A list of 100 endangered species of native wildlife, including koalas and quokkas, will be prioritized for protection as part of a 10-year federal government strategy that experts say needs more funding and endanger approximately 1,700 plants and animals that have not made the cut. .
An astonishing array of wildlife has followed the path of the dodo bird over the past 230 years, from crescent-tailed wallaby to paradise parrot and Maiden bush pea. Australia alone has lost 39 species of mammals since colonization, which is about 38% of the global total.
Federal Environment Minister Sussan Ley said in a statement on Friday that the 100 priority species will be the subject of new conservation efforts under the Endangered Species Strategy.
The list includes the quokka, green turtle, Australian sea lion, great bilby, koala, and orange-bellied parrot. But it excludes other endangered species such as large gliders, southern brown bandicoots, red hare-wallaby, Tasmanian devil, Murray cod, and shiny black cockatoos.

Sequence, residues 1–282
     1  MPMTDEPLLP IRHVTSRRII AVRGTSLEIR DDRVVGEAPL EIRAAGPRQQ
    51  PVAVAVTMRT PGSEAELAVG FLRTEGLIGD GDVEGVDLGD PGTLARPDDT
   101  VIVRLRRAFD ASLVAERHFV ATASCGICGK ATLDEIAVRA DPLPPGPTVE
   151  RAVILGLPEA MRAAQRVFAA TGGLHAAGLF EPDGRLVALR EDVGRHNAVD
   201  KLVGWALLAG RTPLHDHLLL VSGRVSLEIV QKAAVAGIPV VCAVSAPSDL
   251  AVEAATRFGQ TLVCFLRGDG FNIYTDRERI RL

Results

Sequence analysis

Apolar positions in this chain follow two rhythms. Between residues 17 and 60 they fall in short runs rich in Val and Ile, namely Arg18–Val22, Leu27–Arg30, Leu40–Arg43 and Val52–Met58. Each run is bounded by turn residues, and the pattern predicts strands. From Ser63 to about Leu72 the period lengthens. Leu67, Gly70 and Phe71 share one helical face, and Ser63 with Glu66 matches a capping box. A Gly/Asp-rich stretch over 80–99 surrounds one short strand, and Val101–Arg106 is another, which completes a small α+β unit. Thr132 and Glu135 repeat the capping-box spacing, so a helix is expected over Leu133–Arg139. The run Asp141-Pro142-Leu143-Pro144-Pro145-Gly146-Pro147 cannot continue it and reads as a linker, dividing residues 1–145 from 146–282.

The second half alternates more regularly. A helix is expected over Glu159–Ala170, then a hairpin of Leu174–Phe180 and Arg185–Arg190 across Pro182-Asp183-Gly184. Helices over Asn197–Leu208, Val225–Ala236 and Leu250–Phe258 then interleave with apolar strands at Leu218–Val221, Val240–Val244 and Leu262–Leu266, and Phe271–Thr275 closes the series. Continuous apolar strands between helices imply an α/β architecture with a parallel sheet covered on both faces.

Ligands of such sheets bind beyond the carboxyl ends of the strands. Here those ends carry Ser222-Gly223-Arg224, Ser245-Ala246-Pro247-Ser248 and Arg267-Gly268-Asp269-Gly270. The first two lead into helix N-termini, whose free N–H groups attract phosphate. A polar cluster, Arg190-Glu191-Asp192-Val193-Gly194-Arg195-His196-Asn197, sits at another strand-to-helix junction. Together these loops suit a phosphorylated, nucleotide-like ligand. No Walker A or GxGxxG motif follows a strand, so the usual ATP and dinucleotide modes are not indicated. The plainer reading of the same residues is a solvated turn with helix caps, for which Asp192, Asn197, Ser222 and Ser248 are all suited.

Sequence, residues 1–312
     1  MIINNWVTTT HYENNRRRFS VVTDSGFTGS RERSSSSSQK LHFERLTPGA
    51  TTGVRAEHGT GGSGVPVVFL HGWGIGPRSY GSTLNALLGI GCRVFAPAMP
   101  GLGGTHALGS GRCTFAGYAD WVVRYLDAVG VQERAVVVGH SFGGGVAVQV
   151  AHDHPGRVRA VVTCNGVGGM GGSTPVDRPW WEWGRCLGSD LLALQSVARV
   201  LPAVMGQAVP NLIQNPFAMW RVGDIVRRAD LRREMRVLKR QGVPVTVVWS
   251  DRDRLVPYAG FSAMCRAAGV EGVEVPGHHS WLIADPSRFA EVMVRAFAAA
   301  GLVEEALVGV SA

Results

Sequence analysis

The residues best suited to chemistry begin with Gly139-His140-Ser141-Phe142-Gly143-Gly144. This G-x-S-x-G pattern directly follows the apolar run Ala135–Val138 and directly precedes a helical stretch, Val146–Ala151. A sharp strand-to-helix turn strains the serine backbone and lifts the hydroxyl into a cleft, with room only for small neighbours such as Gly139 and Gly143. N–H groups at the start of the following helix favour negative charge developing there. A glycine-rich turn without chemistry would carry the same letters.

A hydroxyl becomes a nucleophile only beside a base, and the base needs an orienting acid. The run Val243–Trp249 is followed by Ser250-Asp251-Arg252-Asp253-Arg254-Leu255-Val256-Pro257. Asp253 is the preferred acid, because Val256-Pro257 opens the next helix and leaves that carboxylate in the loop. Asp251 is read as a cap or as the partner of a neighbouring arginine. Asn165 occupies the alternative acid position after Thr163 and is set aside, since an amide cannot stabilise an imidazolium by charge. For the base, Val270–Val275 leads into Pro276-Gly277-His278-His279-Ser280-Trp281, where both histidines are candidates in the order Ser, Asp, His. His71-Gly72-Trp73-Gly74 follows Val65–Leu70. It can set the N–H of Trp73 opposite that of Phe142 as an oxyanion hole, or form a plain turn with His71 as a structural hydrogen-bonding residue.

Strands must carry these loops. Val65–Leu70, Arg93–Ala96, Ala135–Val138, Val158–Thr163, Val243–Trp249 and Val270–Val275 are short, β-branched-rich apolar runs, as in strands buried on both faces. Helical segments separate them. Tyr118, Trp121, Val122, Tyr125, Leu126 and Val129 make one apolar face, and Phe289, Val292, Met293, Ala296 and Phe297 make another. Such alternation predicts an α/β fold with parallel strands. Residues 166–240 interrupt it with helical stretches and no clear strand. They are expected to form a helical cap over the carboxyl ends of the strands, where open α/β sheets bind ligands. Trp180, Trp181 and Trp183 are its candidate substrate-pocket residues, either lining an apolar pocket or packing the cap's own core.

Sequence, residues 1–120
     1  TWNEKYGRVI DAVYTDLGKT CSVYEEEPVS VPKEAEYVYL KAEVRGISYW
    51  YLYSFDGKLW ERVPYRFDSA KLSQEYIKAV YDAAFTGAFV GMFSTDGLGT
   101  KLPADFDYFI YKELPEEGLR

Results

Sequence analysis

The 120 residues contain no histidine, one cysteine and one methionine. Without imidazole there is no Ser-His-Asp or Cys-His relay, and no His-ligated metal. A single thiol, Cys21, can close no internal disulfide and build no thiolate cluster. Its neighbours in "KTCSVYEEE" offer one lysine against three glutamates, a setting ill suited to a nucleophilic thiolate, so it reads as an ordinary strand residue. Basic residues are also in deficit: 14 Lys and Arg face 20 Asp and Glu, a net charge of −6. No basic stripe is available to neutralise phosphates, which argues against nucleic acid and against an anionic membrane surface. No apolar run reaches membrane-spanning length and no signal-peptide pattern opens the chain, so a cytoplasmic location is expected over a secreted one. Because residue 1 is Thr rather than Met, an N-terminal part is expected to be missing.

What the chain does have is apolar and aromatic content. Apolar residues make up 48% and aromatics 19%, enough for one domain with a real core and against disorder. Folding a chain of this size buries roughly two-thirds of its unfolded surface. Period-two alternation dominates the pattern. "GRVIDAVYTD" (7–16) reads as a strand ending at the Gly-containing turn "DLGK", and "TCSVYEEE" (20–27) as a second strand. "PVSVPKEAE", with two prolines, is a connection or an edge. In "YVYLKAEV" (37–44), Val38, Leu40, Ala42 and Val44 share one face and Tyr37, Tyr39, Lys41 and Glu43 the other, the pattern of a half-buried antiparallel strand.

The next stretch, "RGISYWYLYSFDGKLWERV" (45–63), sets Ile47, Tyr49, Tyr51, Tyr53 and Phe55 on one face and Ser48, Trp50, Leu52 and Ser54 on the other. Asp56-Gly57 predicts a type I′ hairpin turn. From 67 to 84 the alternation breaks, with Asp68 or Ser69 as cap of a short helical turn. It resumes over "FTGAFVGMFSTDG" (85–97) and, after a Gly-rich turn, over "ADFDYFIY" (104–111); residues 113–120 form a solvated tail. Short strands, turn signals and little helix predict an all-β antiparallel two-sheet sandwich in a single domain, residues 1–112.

Ms Ley said conservation efforts would start with $ 10 million in grants that were now open to community groups to undertake weed and pest management, wild predator control, restoration and environmental protection. and citizen science programs, supported by complementary investments already underway.
“I stress the importance of local communities to be part of a strategy supported by our investments in the national soil protection program of more than one billion dollars, our commitment of 149 million dollars in the national program environmental sciences. [and] our funding of $ 200 million for bushfire recovery, ”said Ms. Ley.
Deakin University professor of ecology and wildlife conservation Euan Ritchie said Australia’s total amount of conservation spending was “shameful” and argued that the strategy would be pointless unless growth or decline in populations of target species is measured and published.
“It sounds like a big number, but compared to what we’re willing to spend on submarines that may not be built, it’s tiny,” said Professor Ritchie. “The previous strategies were found to be effective even though the target species were only declining at a slower rate than before. We need to see measurable increases.